Okay, so earlier this week I’m just standing at the bathroom counter putting on my make-up, getting ready for the day, trying not to be bitter that I’m heading back to work (for 2 weeks) in the middle of my I-just-wanna-go-to-the-pool summer, when GMA comes on with this shocking headline:
“Prime Minister Leaves Kid at Restaurant for Fifteen Minutes”
And everyone is outraged. And everyone is appalled. And everyone is trying to reach him for comment. And I’m trying to work up some of those same feelings. But instead, I’m like…
I mean, the girl was washing dishes and stuff, which to me is just sooo impressive.
Now, let me make this clear: I am not for leaving kids at restaurants. I am not for leaving kids anywhere, for that matter. But…
I left my kid in Sunday school once.
Yep. My oldest daughter. When she was not quite a year old. There we were, having a pretty good day. Finally made it to church, listened to a great sermon, spent some time talking to friends afterward. Then we climbed in the car, headed for the exit, and as soon as we pulled out onto the main road I flipped around in my seat and said,
Let’s just say that tires squealed and people glared as we gunned it back toward the church. And in my nonchalant, devil-may-care way that sometimes kicks in when I’m especially freaked out, I wandered back inside, strolled up to the nursery door, and casually asked for my daughter. Like I totally meant to do that. Which is what they believed.
Until I did it again the following year.
(Let me pause here to say that I LOVE my daughter. I love all my kids. I would die for each one of them. I would hope said death would be painless, but I would still do it. Just thought I should make that clear before continuing with this story).
Anyway, so at this point my daughter was enrolled in a Mom’s Day Out program at the same church. With the same teachers. And to make things easier, I carpooled with a friend whose child also attended. One week she took, the next week I took, and so on.
Mom’s Day Out ended at 2:00 back then. And at 2:45, Lilly still wasn’t home. So I called my friend and said, “What’s up? Almost here?” To which she replied, “Uh… (FYI—sentences that start with “uh” are never a good thing). Anyway, she said, “Uh…I thought it was your turn to pick up.” To which I looked around my house—at the ceiling, at my dusty bookcase, at the sock on the living room floor, at anything that might give me a freakin’ answer—and said, “WHAT?!?!? Was it my turn??”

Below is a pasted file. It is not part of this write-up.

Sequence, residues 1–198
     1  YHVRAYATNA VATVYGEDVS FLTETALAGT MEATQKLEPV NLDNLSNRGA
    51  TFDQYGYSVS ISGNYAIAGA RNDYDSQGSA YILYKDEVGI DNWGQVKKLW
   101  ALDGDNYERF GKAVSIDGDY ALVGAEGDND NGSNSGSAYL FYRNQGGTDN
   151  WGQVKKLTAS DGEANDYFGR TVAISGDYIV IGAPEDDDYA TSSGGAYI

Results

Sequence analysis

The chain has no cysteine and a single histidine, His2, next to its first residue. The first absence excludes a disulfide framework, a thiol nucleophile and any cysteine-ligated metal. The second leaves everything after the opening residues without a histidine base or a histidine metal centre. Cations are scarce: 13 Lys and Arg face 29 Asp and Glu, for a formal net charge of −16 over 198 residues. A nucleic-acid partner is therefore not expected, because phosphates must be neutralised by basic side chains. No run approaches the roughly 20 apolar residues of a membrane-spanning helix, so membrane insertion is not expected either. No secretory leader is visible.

And then she said, “I don’t know, was it my turn?”
And I said, “No, probably it was mine!”
And she said, “No, probably it was mine!”
And this same conversation went on for a few more seconds. But then we decided that it didn’t matter whose turn it was because she was in the middle of a haircut and I was just sitting around doing nothing.
So I ran out the door.
And so while my friend called the church to explain the situation, I drove two towns over. And let’s just say Jeff Gordon couldn’t have beaten me in a race that day. Thank God no police were out to witness me breaking every driving law ever made.
Anyway, I showed up to the church, ran inside, plunked down an extra forty-five dollars that they charged me for being so stinkin’ late (sooo not fair!), gave the kids a hug and walked with them outside, feeling the hot stares of “What-kind-of-mothers-forget-their-kids?” aimed at my head the whole way.
This kind, apparently.
The kind that, back then, was still suffering from twokiditis. Not sure if this is actually a disease, but I’m calling it one. Because keeping track of one child was hard enough. Two was next to impossible! And now I have four, and this sort of behavior rarely happens now. Only once a week or so.
So I think everyone should stop freaking out. I mean, the Minister-guy’s daughter was washing dishes, for heaven’s sake. If the fact that she knows how to do this at eight-years-old isn’t top-notch parenting, I don’t know what is.
Anyway, I gotta run. My five-year-old is standing at the sink waiting for me…with a sponge in her hand and a crusty lasagna pan ready to be scrubbed. Because if there’s one thing I’ve learned from this story, it’s this: If I ever make the mistake of leaving her at a restaurant, people are gonna be impressed.
**this post is brought to you by Amy’s sarcasm, humiliation, and workday boredom.